The Labour Party & Anti-Semitism, Put Simply

By Blog writer Lyell Tweed

Since the election of Jeremy Corbyn to the head of the Labour party in 2015 the party has faced many internal challenges, from a perceived leadership coup in 2016 to the resignation of many significant figures in the party from its front benches. However, after three Jewish newspapers all stated Corbyn to be a threat to Jewish life in the UK, the latest conflict looming over the party may be the most damaging to date.

The allegations of historical Anti-Semitism within Labour came back to haunt them after a Facebook post from 2012 was found showing Corbyn supposedly defending what many saw as an overtly Anti-Semitic mural in London.

Ken Livingston and Naseem Shah’s comments in 2016 also caused much concern within the British Jewish community. Both made what were widely regarded as Anti-Semitic comments as they looked to compare Israel to the Nazi regime in Germany. Livingstone trying to suggest that Hitler himself was a Zionist, whilst Shah claimed that the ‘Jews are rallying’ and that Israel’s population should be ‘transported’ out of the Middle East to America. Livingstone has since resigned whilst Shah has apologised. Though intended to strengthen her relationship with the Jewish community in her constituency, Shah’s apology, as well as recent appointment as Shadow Equalities Minister, has done little to calm the concerns of the Jewish community.

As well as the previously mentioned controversial incident of Corbyn defending the offensive mural in central London, Corbyn has been discovered to have historically shared platforms or expressed views that have made many uncomfortable. This is not to say that Jeremy Corbyn himself is Anti-Semitic, he just has the tendency to share platforms with people who are, with his excuses for doing so often appearing vague. One of the most famous examples of this is when Corbyn described it as an ‘honour and pleasure’ to host ‘our friends’ from Hamas and Hezbollah in Parliament.

These groups are very well documented in their negative opinions on the Jewish community and Israel. He also shared tea on a Parliamentary terrace with Raed Salah, who Corbyn described as a ‘very honoured citizen’. This despite the fact that Salah spent eight months in prison for Anti-Semitic crimes. As well as this he has been accused of donating money to the self-proclaimed Holocaust denier Paul Eisen. All of this does not set up a good defence for there not being an Anti-Semitism problem within the Labour party.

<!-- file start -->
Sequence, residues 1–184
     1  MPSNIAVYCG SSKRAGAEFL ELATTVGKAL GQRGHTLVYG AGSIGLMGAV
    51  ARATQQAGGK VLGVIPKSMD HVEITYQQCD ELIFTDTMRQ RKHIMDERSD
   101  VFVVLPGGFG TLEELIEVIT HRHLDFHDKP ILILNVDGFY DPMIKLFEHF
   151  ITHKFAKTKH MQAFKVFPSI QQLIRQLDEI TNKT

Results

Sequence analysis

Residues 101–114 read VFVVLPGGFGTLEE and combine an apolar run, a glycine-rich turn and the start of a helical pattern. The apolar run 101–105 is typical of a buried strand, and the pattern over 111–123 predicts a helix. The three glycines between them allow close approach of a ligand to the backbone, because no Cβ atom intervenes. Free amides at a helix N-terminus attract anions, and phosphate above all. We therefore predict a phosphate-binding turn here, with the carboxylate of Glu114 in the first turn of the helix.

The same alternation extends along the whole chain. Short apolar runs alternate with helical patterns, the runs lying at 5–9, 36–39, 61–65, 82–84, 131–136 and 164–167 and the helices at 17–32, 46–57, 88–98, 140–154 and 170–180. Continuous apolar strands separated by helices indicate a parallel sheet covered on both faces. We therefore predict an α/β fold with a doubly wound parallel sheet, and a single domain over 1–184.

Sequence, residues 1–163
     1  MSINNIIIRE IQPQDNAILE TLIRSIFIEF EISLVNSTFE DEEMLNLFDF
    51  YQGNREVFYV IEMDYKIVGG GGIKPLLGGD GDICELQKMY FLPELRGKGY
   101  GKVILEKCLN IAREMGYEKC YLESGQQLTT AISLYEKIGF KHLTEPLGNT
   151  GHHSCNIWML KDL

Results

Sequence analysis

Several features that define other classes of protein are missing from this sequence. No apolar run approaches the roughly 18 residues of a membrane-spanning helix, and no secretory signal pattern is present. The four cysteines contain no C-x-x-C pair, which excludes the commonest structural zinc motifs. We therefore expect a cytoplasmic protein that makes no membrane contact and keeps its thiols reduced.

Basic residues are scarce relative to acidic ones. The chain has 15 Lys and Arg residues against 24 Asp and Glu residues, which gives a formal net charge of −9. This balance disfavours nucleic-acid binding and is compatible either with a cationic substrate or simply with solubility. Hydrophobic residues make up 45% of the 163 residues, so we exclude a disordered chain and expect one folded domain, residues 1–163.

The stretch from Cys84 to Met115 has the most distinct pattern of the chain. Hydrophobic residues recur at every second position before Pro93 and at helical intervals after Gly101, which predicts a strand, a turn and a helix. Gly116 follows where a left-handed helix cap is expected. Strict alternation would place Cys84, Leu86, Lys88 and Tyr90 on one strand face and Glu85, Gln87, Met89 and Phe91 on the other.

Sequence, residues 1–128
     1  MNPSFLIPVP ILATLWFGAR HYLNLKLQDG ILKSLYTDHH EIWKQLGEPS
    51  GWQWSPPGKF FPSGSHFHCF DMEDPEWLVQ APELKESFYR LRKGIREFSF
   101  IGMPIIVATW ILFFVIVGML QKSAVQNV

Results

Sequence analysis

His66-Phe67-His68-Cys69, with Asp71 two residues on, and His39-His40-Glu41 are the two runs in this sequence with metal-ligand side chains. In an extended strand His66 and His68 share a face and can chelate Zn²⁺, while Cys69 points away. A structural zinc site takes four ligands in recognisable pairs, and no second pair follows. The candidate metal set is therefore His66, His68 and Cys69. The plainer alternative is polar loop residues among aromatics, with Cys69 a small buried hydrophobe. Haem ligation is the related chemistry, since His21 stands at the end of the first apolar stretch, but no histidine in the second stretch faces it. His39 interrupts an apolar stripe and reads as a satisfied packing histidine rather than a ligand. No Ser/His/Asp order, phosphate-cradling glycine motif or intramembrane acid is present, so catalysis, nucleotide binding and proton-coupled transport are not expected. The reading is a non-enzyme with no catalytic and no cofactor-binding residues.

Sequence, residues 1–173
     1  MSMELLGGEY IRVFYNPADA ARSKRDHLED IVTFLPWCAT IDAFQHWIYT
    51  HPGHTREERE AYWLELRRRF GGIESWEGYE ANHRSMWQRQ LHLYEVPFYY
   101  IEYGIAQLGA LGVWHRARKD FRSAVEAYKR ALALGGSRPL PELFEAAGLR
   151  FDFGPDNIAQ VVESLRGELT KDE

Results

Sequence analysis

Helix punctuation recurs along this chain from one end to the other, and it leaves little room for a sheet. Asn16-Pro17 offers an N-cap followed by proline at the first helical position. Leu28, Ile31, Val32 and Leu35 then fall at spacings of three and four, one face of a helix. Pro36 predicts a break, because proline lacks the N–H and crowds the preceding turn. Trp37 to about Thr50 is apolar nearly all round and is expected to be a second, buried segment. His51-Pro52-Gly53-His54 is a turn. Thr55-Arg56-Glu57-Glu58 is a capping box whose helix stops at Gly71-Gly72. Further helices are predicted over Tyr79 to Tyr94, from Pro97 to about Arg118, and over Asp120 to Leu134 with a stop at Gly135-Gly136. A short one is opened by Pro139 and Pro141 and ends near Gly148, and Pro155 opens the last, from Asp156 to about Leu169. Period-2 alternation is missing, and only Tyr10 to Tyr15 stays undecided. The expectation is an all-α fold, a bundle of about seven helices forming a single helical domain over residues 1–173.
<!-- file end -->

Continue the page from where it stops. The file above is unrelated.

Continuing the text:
These events are viewed by many to have acted as a flashpoint, or what should have been a wakeup call, for the Labour party over its relationship with itself and the left, as Anti-Semitism can sometimes be associated with the Far Left. Until Corbyn’s rise to power in 2015, the Labour party had seemed to reach a consensus that it was a party that represented the centre-left and was very successful because of it. However, since Corbyn’s election there has been a massive split in the party between those representing ‘New’-Labour and those supporting Corbyn’s more traditional leftist views. This, combined with Corbyn's strong Pro-Palestinian views, has a tendency to make many in the party, and many in the Jewish community, feel uncomfortable, highlighting the divisiveness of the issue.  

Together this has snowballed to cause massive problems for the Labour party both internally and externally at a time when many believe it should be capitalising on a struggling Conservative party during the Brexit process. The last few weeks have seen the party have to quickly adapt to ease tensions over this situation. Margaret Hodge, MP for Barking, has had an investigation into her dropped after claims she called Corbyn ‘an anti-Semite and a racist’ whilst a momentum backed candidate for the Labour National Policy Forum was suspended for perceived Anti-Semitic comments towards Labour deputy leader Tom Watson. It has also led Corbyn himself to write an article in the Guardian defending himself and his party over the whole situation.

Since this the GMB, one of Britain’s leading trade unions with active links to the party, has called on Labour to adopt the full IHRA definition of Anti-Semitism with all examples, a deal breaker for the Jewish community. Momentum has also recently urged Corbyn to back down for the sake of the party.

We can see where Labour’s problems arise and that there is still much to be done before the party can regain the trust of the Jewish community and unite itself. Perhaps starting with the full adoption of the IHRA definition of Anti-Semitism, the benchmark definition of Anti-Semitism for the majority of the Jewish community; and the dropping of cases against MPs such as Ian Austin who seem to be targeted for criticising Corbyn. Only time will tell whether Corbyn’s Labour party can ever fully recover from these damaging allegations.

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Image Credit: Wikimedia Commons


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